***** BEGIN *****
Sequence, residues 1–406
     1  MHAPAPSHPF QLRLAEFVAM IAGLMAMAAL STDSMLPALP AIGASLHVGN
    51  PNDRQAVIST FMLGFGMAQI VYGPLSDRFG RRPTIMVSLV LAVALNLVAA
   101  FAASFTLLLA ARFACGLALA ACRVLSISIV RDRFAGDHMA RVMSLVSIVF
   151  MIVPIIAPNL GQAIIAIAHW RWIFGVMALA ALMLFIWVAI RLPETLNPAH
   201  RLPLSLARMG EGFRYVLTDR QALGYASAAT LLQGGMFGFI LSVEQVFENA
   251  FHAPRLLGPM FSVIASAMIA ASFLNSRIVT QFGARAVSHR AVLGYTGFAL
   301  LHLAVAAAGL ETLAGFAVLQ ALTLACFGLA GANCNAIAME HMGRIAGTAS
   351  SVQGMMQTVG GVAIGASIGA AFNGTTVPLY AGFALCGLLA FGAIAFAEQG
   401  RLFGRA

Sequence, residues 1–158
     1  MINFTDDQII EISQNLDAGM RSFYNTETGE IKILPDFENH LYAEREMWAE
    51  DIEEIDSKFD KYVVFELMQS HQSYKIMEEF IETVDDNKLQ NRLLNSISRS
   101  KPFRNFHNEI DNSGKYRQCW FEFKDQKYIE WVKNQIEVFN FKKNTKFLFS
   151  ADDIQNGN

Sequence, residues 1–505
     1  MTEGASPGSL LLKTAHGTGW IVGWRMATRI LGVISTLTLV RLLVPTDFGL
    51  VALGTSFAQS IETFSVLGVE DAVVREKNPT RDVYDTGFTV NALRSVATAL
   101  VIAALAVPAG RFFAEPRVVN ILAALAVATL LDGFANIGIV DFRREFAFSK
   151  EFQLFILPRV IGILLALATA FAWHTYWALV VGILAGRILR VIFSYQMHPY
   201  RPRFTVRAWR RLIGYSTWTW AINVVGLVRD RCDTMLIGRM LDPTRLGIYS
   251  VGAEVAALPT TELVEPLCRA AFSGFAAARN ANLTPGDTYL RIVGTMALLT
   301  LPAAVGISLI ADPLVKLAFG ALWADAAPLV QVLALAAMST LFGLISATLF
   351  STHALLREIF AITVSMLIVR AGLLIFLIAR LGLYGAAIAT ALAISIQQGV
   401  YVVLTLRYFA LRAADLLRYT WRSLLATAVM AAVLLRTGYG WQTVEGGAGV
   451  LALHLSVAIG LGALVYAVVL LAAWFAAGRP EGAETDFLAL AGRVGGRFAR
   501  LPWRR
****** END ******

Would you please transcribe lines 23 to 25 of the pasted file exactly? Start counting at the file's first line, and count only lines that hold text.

   301  LPAAVGISLI ADPLVKLAFG ALWADAAPLV QVLALAAMST LFGLISATLF
   351  STHALLREIF AITVSMLIVR AGLLIFLIAR LGLYGAAIAT ALAISIQQGV
   401  YVVLTLRYFA LRAADLLRYT WRSLLATAVM AAVLLRTGYG WQTVEGGAGV